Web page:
Is this HUGE?
How one interprets the race will determine what effect it has on Congress, the president and 2010. The media, the cablers, I predict, will explode in an orgy of over-interpretation; the biggest upset, turning a complex election into a simple statement or message.
EPOCHAL? No. Important? Of course. As has been pointed out, Democrats maintain a large party majority. But is increasingly clear that they do not have a political majority -- and there is a difference. There aren't enough Democratic Senators to pass the agenda that the majority of Democrats have coalesced around. But this has been obvious for a while.
Democrats will say: See? Voters want results and blame Democrats for not producing results. So -- do more. Fight harder. Get results. (This will require more spending and higher taxes, but we won't say so.)
Republicans will say: See? Voters fed up with Democratic policies. So -- stop Democratic policies. (This will require painful spending cuts and is unrealistic during a recession, but we won't say so.)
After the furor wears off, it's going to be Congress who prolongs the story. If they do try to ram though health care reform, this story has legs -- "Against the will of the people..." and "...after a decisive message from even the bluest of states," etc.
That's tough for Democrats to swallow, because they've got 59 votes -- a majority. But Republicans, on the basis of this campaign, will have won the messaging wars. They've got the heckler's veto, as James Fallows puts it, and aren't afraid to use it.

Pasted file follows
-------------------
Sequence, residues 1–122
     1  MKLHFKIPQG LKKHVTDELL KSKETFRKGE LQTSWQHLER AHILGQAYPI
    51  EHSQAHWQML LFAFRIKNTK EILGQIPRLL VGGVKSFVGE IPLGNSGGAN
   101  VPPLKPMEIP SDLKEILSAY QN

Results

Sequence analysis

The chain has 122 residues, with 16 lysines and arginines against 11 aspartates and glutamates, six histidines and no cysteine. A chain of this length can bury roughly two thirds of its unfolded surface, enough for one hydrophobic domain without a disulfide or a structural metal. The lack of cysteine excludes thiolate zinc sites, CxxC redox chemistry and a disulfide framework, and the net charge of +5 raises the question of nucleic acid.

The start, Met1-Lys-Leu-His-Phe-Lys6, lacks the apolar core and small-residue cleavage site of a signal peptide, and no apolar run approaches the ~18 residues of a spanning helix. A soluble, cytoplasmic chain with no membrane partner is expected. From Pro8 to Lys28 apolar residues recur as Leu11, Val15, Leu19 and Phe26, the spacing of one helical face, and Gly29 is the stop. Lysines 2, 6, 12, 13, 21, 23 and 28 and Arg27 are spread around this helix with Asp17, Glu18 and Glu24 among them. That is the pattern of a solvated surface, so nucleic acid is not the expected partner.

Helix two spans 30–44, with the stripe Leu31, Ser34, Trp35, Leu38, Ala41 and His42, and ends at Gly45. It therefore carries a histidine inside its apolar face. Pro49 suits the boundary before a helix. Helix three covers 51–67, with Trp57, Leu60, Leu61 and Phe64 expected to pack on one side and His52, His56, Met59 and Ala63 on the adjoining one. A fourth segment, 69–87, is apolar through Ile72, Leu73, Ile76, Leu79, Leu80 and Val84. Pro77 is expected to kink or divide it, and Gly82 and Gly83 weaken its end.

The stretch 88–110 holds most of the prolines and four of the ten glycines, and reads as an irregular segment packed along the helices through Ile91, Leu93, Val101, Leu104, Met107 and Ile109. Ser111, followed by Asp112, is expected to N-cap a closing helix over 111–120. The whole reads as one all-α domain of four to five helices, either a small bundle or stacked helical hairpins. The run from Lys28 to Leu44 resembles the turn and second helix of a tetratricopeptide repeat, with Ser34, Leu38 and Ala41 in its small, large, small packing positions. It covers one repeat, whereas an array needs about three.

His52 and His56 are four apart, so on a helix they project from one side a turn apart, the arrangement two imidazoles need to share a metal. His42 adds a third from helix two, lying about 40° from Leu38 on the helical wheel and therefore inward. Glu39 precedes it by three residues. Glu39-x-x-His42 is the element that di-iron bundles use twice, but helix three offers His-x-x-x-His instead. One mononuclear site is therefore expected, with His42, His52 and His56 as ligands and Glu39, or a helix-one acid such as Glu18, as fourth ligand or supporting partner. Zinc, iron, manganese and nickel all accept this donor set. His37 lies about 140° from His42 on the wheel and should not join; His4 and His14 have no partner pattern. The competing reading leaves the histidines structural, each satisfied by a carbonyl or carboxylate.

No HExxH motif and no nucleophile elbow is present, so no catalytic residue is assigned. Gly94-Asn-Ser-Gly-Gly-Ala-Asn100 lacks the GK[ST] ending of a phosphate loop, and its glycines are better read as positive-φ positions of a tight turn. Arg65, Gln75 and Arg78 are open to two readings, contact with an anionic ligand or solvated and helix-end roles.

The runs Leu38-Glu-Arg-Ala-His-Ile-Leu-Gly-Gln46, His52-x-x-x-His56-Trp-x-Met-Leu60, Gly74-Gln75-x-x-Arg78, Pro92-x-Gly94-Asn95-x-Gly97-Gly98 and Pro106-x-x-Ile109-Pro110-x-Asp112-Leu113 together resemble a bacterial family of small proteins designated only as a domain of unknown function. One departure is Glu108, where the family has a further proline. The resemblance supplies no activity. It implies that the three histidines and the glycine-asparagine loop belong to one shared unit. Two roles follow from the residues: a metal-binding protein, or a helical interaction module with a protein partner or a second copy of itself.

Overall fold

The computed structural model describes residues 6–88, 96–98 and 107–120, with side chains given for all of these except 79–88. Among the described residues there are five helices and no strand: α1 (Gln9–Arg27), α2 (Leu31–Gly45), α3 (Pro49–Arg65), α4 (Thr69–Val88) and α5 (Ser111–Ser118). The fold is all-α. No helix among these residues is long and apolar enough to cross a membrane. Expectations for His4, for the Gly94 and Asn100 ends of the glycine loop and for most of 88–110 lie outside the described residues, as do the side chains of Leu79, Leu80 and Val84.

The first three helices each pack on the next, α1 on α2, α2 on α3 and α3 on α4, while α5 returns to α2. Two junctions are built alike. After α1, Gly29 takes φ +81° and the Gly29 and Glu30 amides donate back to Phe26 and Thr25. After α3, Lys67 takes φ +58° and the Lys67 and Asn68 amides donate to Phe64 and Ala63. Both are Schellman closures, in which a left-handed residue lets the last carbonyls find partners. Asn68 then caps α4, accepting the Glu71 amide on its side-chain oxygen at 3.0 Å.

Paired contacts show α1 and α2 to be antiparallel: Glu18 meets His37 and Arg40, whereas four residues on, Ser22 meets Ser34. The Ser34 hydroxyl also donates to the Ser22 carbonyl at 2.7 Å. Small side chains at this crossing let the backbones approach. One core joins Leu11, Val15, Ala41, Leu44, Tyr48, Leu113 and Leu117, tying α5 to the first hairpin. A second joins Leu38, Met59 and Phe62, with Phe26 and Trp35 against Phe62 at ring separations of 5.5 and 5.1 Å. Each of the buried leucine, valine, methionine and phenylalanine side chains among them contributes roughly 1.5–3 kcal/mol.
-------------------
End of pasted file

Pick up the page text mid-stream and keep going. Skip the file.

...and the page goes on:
Independents are angry -- irate, even -- at steps that the White House insists were necessary to, well, save the world: the bailouts, the way Wall Street seems to not to be sharing the pain, massive government spending. They're also mad about government competence and nervous about health care, and channeling it into specific complaints about the debt and deficit. They also believe that the administration has managed the recovery from the perspective of Wall Street, not Main Street.
By the way: the state legislature is very unpopular in Massachusetts and run by Democrats. The governor is unpopular and is a Democrat. Like many other states, Massachusetts is struggling with enormous budgetary problems; taxes are being raised and spending is being cut.
It's not a good time to be a Democrat.
The Atlantic's Marc Ambinder is CBS News' chief political consultant. You can read more of his posts in Hotsheet here. You can also follow him on Twitter.